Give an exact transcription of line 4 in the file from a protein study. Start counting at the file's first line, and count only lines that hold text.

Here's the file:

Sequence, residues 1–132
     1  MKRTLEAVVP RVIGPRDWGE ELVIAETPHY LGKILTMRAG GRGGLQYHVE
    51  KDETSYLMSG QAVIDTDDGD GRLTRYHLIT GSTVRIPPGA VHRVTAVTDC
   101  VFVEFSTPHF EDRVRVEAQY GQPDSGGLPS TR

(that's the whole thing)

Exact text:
   101  VFVEFSTPHF EDRVRVEAQY GQPDSGGLPS TR